You would never think this random strip mall Thai — though, what Thai restaurant in LA isn’t in a strip mall — in the middle of nowhere would have any kind of Issan food. It mostly doesn’t, and the boat noodles here aren’t that good. Most of the dishes are really meant for farangs (in this case, Koreans, Latinos and some actual white people), but one time, randomly, I sampled a keeper.
naem sod khao todd at Thai Cuisine Express
Sour ham with crunchy rice “salad” is one of my all time favorite dishes within the Northeast Thai/Laotian repertoire. There’s a hint of sourness within the mix, the sausage is made of mostly headcheese with a great sour flavor (though not too many factories still ferment the sausages naturally, most just use a certain blend of critic acids), and the fresh mint along with shallots, peanuts, and young ginger really turns up the texture party. It’s a dish that requires quite a bit of work. It’s a dish that demands beer, and attention. It’s a dish that’s appropriately touted as a token of authencity.
It so happened shortly after finding this crispy rice fermented sausage salad at Thai Cuisine Express, this Chow thread in the LA subforums was resurrected by a “Mr. Taster”. Mr. Taster was apparently headed to Las Vegas, and being sick and tired of chained cheffy food, he was looking for some ethnic bites. Someone then brought up Vientiane (in Westminster/Garden Grove) as a great source of naem khao tod. It’s been a bit since I’ve hit up Vientiane for the Laotian noodle soups, and I had to remind myself its flavors. The whole undertaking was more interesting because I’ve never had Vientiane’s version of nam khao tod, despite trying majority of this fried rice salad in North OC and South Los Angeles County.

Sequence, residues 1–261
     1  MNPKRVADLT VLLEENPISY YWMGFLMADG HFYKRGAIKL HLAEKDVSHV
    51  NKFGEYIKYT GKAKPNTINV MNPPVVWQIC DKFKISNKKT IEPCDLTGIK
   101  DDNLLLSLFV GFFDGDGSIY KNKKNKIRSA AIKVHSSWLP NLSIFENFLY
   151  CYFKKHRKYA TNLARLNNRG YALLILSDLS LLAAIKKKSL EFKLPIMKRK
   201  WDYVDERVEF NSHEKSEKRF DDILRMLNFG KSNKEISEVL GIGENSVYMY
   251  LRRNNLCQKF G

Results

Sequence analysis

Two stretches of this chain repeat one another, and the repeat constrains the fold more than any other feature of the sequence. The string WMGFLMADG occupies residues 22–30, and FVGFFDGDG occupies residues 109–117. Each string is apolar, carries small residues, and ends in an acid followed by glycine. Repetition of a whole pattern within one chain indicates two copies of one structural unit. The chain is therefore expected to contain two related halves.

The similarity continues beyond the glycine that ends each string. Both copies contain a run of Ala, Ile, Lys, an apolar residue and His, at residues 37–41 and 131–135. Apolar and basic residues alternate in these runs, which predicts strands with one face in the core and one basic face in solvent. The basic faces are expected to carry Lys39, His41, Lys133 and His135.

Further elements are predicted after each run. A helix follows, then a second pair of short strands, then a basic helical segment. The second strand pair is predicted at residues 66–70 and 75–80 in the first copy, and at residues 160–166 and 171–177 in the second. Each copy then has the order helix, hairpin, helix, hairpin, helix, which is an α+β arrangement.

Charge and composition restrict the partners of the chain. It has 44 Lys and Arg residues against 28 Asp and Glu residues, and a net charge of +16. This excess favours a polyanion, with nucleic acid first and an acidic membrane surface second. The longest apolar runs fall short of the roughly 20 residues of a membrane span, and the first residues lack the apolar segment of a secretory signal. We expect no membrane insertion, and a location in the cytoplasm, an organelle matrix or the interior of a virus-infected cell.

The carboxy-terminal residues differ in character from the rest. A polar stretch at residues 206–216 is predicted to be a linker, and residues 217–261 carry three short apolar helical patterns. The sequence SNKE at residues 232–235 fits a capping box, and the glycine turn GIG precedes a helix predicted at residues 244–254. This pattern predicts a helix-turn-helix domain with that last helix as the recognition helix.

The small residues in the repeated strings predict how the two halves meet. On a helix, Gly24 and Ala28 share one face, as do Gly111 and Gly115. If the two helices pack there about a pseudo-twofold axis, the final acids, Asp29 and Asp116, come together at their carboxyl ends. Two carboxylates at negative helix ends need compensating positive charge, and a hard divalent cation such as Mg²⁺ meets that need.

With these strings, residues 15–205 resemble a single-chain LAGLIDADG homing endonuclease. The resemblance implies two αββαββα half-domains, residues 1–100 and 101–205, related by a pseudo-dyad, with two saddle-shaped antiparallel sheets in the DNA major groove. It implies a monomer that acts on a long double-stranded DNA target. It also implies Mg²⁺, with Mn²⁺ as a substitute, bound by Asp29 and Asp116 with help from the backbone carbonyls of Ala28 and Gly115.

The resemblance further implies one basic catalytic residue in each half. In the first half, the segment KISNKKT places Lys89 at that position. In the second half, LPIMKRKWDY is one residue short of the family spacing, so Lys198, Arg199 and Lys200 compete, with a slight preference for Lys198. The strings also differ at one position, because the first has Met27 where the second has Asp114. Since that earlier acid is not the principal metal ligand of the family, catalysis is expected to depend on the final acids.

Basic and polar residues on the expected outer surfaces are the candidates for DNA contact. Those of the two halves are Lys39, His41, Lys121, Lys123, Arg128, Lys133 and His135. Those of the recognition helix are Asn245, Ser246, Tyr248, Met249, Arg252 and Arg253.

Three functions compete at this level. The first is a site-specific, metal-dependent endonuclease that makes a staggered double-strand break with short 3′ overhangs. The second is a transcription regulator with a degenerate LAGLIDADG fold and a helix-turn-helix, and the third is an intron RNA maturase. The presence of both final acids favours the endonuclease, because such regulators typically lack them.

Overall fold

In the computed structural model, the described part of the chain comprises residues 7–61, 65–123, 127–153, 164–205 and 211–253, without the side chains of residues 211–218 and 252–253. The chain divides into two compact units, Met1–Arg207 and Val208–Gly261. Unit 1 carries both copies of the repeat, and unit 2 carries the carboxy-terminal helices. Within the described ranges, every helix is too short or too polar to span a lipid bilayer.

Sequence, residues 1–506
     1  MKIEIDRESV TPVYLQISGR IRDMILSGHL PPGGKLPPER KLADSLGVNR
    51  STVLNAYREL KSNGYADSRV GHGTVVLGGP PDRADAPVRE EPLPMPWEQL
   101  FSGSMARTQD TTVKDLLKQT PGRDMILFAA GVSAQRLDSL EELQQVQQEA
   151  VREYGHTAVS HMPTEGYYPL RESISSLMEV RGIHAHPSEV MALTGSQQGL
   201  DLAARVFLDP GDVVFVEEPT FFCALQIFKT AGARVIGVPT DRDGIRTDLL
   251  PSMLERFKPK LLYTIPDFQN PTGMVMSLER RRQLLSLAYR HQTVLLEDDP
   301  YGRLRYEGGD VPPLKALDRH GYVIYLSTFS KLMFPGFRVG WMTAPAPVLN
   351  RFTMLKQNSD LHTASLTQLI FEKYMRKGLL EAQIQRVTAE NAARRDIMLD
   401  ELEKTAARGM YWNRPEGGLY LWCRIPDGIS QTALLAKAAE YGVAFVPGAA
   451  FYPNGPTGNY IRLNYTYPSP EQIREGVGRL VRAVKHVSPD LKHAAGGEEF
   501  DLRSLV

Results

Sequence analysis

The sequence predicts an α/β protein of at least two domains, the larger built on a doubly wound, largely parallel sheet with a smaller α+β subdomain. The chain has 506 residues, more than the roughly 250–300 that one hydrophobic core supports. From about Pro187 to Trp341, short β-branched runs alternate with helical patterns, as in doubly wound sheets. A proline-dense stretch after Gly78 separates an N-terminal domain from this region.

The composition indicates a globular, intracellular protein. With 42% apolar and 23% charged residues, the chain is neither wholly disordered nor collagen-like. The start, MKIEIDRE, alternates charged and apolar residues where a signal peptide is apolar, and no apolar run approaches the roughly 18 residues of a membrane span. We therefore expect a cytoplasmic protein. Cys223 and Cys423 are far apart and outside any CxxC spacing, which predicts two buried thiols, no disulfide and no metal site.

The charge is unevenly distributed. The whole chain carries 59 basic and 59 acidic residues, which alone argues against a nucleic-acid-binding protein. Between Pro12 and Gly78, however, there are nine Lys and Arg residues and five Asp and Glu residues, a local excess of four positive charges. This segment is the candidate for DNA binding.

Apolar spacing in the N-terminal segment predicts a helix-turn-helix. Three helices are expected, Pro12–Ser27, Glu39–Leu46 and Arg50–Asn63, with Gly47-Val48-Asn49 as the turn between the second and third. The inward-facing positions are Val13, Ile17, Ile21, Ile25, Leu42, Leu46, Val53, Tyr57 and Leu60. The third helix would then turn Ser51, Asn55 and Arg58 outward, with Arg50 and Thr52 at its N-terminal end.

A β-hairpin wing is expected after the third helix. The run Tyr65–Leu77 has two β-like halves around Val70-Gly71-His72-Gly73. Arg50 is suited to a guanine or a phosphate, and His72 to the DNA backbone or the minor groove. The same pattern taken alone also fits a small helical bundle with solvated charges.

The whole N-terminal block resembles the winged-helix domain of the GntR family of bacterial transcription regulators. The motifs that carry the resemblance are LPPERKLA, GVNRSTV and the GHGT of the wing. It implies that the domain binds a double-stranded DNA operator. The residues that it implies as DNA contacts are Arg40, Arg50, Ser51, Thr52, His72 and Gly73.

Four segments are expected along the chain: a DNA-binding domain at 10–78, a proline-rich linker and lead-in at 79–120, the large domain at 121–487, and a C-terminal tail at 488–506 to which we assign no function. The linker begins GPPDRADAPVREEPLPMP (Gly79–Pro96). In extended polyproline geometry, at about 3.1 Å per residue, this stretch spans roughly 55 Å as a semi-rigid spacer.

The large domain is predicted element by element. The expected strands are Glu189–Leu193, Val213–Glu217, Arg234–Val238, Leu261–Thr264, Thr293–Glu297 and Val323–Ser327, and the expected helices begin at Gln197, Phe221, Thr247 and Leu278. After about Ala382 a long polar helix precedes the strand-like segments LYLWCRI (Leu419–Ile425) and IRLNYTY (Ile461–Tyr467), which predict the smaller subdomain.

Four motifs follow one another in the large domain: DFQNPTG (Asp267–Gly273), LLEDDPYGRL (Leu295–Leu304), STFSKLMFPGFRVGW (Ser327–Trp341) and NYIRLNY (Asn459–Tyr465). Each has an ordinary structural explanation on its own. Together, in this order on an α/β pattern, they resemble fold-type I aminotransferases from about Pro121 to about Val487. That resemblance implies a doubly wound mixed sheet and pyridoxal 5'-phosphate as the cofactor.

The result was shocking, really. Vientiane’s rustic naem khao tod fell so short in complexity and overall balance compared to anything from the (562) powerhouses, despite it carrying a very labor-intensive prep for the khao tod (rice patty) as well as a tasty fermented sausage (which I was told was produced in-house). The Laotian dish — I’ve never never, this is purely from
research google — apparently also uses lime juice, fish sauce, and ginger, but these three specific ingredients were mostly amiss in Vientiane’s. Despite the ingredient short fall, Vientiane’s nam khao tod is still extremely popular. It’s been written up on OC Weekly & Register, and a few other news outlets. The success ought to be attributed to the textural play, not the taste.
Read it as you may, local Thais will agree Thai Cuisine Express’s naem sod khao tod is just far tastier.
Thai Cuisine Express
6098 Orangethorpe Ave
Buena Park, CA